Solo album six is short, synthy, Tropicalia-tinged and sung in Welsh

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Gruff Rhys – Pang!

Twenty years ago, Super Furry Animals released Guerrilla, a technicolour, hyperactive pop album – or at least the quintet’s twisted idea of a pop album – laced with manic electronic beats, Caribbean textures, Beach Boys harmonies and songs about chewing gum and mobile phones. Viewed from 2019, it seemed to predict the melting pot of global influences that make up mainstream pop today, even if no single artist has created something quite so wonderfully deranged as “The Door To This House Remains Open”.

Since then though, SFA and Gruff Rhys have stepped back from the brink of such colourful experimentation. Rhys’ last three solo albums – 2011’s Hotel Shampoo, 2014’s American Interior and 2018’s Babelsberg – excellent as they were, found Rhys mining a statelier, slower sound inspired by piano ballads, Americana and orchestral chamber pop. Just 15 months after Babelsberg, however, he’s unleashing Pang!, which quickens the tempos and embraces the collaged grandeur of electronic pop music in a way that Rhys hasn’t in years.

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Crucial to the sound of Pang! is South African producer Muzi, who Rhys met while both participated in the most recent instalment of Damon Albarn’s Africa Express project. Muzi remixed “Bae Bae Bae”, included here, and Rhys was so pleased with the result that they agreed to work together on his latest set of ideas.

Babelsberg, of course, was recorded as stripped-down tracks that were later topped with a lavish layer of classical orchestration, and Pang! follows a 
similar process: this time, however, 
the icing on the sparse, mainly acoustic cake comes from Muzi’s synths and 
beats. Songs like the title track and 
“Ara Deg (Ddaw’r Awen)” are driven by a mix of live drums, played by former Flaming Lip Kliph Scurlock (now the Furries’ archivist, among other things), and processed, skipping beats, Rhys’ acoustic guitar, Muzi’s synths and the occasional burst of balafon, an African xylophone-like instrument.

There’s also a lilting Tropicalia feel to much of the record which, Rhys tells Uncut, stems from Super Furry Animals’ Love Kraft mixing session in Brazil in 2005, and bled into his excellent 2007 solo album Candylion. With their rootless bossa nova chords, the title track and “Niwl O Anwiredd” in particular could be lost Caetano Veloso tracks, with Rhys’ spidery nylon-string parts augmented by 
a web of diced drums and jazzy trumpet. As the album progresses, things get stranger, the treatments increasingly adventurous: on “Ôl Bys/Nodau Clust”, Muzi erases practically all the acoustic instruments, leaving Rhys’ Gregorian vocals beautifully adrift in a sea of percussion and reverb. Meanwhile, during the closing “Annedd Im Danedd”, clicking drums and multi-tracked brass are the only instruments backing Rhys’ harmonised vocals.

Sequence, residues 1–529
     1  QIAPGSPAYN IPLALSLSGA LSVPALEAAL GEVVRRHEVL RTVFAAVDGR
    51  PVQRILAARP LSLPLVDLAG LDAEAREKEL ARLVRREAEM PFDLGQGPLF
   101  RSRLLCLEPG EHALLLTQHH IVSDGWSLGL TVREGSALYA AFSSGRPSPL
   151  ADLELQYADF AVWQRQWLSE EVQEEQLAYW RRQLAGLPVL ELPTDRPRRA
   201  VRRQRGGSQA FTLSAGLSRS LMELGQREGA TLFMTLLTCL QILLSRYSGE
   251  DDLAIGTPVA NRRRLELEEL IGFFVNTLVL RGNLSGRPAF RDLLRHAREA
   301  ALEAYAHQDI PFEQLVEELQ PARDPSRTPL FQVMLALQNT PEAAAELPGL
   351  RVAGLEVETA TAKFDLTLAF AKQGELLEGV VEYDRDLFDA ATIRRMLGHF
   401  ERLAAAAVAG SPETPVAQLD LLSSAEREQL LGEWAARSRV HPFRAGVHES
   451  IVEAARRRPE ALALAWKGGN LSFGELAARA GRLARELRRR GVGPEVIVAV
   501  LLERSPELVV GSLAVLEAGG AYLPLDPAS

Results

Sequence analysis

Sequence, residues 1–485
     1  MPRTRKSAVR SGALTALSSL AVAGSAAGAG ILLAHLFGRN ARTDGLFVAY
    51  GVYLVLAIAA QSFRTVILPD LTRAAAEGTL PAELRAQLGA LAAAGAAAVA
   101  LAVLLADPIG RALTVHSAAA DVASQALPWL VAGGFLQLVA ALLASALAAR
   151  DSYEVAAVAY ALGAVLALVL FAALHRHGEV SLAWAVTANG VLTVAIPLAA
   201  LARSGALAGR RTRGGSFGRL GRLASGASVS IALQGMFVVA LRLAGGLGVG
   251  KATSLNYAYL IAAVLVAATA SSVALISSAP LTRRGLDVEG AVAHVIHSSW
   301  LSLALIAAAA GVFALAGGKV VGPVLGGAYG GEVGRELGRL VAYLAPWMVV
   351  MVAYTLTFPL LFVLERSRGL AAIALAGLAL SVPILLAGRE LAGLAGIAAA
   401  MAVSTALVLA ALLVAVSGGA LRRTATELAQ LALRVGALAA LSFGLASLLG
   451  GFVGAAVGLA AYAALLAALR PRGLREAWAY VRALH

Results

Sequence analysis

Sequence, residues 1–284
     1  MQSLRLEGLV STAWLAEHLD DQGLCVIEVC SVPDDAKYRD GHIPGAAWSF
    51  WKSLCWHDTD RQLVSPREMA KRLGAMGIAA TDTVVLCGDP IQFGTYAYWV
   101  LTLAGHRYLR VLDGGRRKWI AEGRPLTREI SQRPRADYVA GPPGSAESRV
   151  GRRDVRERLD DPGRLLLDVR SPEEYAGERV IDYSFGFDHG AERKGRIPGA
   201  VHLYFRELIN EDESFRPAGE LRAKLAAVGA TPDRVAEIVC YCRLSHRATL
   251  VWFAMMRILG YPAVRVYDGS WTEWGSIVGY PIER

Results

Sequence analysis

If it’s not already apparent from the titles, Pang! is entirely in Welsh, for the first time across a whole album since Rhys’ 2005 solo debut, Yr Atal Genhedlaeth. When SFA released Mwng in 2000, the use of Welsh in a charting album was so notable it was mentioned in parliament; today, artists such as BTS and Rosalia sing in their native languages and regularly make it high into English-speaking charts around the world, while closer to home, Gwenno has managed to carve out a successful solo career singing only in Welsh and Cornish. The only drawback here for those of us who can’t speak Welsh, of course, is that we miss Rhys’ witty, Gainsbourg-esque wordplay: “Digidigol”, explains the songwriter, is a nonsense version of the Welsh for “digital”, “digidol”, while “Eli Haul” translates as “sun screen”, the effects of the heat reflected in the lyrics. “I was trying to write lyrics that sound like they’ve been baked by the sun,” Rhys tells Uncut. “They become abstract, like the song’s melting or something.”

The pinnacle of the album’s mix of Rhys and Muzi’s styles occurs on “Niwl O Anwiredd”. The basis of the song is an acoustic folk lament that recalls Super Furry Animals’ “Colonise The Moon”, very droning, very British Isles; but it gathers sheets of other instruments as it progresses, from digital beats and Indian tabla, to massed vocals, balafon and some kind of electronic harp swell. Here, then, is a meeting of continents and hemispheres, of different cultures perfectly complementing each other in three-and-a-half minutes.

While Pang!, totalling just under half an hour, doesn’t have the conceptual strengths of Babelsberg or American Interior, it’s nevertheless a delight to hear Rhys once again embracing the possibilities of technology and 
harnessing modern, global sounds 
to enhance his unique vision.

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The November 2019 issue of Uncut is on sale from September 19, and available to order online now – with Jimmy Page on the cover. Meanwhile, our free CD features 17 exclusive cover versions of Wilco songs recorded for us by Low, Courtney Barnett, Cate Le Bon, Kurt Vile and many more. Elsewhere in the issue, there’s Kim Gordon, The Clash live and unseen, Angel Olsen, Tinariwen, Bruce Hornsby, Super Furry Animals, Bob Nastanovich on David Berman and Roger McGuinn.

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